The earliest central heating installations in Russia were manufactured in Nobel’s factories, and the first one was set up in his own house.
The house on 24 Petrogradskaya Embankment where the Nobel family lived until 1859
In St. Petersburg, the Nobel family enjoyed a living standard far higher than they had experienced in Stockholm. But theirs was not a life of luxury. The Nobels lived in a single-story wooden house that gave an impression of bourgeois comfort.
The family invested in the education of the boys. All instruction was provided by private tutors in their home. Today this may seem peculiar and be viewed as a sign of high-bourgeois status, but this was not the case in St. Petersburg at that time. The Nobel brothers had a Swedish tutor – Lars Santesson, Master of Arts – who taught them Swedish language and history, but also provided them with a broad knowledge, including world literature and philosophy. They also had a skilled Russian teacher, Ivan Peterov who among other subjects taught them the fundamentals of mathematics, physics and chemistry.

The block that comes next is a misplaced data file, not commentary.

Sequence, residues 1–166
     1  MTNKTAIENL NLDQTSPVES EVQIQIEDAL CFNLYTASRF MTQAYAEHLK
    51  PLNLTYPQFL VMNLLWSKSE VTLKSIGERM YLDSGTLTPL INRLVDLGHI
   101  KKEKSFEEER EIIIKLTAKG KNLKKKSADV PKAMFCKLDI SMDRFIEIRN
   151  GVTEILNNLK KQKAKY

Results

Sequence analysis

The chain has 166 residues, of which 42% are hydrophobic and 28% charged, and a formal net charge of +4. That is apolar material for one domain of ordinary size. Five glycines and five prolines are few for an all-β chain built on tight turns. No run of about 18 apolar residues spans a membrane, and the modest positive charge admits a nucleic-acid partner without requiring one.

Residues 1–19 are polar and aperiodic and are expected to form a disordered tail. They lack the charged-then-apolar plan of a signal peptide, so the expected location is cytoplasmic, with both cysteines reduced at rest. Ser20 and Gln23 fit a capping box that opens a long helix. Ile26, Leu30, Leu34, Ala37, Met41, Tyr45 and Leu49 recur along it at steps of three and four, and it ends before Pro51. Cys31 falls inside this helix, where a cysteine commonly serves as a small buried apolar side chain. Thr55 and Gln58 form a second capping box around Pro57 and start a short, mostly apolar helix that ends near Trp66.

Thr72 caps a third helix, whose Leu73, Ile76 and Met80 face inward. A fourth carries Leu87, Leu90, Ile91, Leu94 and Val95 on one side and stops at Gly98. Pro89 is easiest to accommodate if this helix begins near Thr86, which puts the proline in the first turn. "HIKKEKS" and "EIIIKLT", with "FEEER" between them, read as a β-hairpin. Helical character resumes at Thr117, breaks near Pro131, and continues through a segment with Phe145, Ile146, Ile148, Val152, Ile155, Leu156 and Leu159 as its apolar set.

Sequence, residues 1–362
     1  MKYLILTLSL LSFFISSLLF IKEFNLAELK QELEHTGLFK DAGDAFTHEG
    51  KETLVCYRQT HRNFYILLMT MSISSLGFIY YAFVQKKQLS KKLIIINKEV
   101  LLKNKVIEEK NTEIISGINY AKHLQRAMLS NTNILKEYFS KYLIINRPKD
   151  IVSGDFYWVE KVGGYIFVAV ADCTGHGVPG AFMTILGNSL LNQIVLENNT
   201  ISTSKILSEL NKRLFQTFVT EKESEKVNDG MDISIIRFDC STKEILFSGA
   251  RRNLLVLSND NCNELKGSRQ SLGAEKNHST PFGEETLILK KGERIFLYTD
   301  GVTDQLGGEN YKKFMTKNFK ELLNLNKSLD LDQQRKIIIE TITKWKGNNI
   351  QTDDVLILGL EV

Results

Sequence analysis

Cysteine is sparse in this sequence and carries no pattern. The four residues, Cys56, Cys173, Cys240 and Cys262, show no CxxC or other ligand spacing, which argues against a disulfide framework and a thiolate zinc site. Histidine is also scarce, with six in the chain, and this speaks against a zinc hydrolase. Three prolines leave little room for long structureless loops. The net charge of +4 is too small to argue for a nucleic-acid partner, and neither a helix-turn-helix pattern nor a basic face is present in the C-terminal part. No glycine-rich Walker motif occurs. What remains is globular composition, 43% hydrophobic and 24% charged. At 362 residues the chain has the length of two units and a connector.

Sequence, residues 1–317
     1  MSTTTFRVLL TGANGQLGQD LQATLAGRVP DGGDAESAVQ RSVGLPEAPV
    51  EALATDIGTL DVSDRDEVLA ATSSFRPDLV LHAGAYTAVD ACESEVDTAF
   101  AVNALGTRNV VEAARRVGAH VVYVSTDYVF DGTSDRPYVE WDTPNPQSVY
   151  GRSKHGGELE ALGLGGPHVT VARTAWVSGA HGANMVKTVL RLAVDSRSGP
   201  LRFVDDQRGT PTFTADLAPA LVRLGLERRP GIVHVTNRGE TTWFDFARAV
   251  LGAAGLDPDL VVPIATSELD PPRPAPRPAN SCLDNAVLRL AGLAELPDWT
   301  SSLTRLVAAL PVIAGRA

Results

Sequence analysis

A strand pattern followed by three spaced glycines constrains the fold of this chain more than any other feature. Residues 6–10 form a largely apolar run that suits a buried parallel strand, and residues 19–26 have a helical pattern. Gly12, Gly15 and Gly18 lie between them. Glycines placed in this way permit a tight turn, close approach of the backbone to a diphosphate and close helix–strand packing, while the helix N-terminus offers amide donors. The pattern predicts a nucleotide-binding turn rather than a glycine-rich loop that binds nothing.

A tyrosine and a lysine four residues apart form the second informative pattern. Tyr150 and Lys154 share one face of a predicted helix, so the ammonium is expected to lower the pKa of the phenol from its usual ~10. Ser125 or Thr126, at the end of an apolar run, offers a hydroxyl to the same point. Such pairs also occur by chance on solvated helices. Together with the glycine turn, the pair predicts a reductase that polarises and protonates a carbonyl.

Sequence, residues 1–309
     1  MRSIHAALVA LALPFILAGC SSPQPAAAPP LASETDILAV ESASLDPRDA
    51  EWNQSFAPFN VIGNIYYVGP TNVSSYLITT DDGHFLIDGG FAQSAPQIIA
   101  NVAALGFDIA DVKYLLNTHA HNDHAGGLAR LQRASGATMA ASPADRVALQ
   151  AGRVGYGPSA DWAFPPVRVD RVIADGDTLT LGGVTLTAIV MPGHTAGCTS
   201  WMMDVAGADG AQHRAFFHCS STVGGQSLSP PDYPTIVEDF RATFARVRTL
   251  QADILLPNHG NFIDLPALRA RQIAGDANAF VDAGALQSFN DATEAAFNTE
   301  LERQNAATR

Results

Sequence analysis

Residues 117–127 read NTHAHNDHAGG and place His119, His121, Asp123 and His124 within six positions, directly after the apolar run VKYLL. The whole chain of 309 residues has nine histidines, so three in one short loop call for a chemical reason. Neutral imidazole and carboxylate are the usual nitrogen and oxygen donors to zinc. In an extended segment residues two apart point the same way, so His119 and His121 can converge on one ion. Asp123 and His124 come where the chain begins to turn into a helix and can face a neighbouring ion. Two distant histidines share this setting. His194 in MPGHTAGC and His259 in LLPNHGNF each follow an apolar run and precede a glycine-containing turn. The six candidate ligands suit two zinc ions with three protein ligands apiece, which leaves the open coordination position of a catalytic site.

They learned five languages fluently – aside from their native Swedish they also spoke Russian, English, French, and German. Robert and Ludvig became engineers, while Alfred studied chemistry. His chemistry teachers were Professors Nikolai N. Zinin and Yuli Trapp. Professor Zinin later drew Alfred and Immanuel’s attention to nitroglycerine.
The Nobel brothers (clockwise) Robert, Alfred, Ludvig and baby Emil. This photo is from St. Petersburg, around 1843.
Literature and philosophy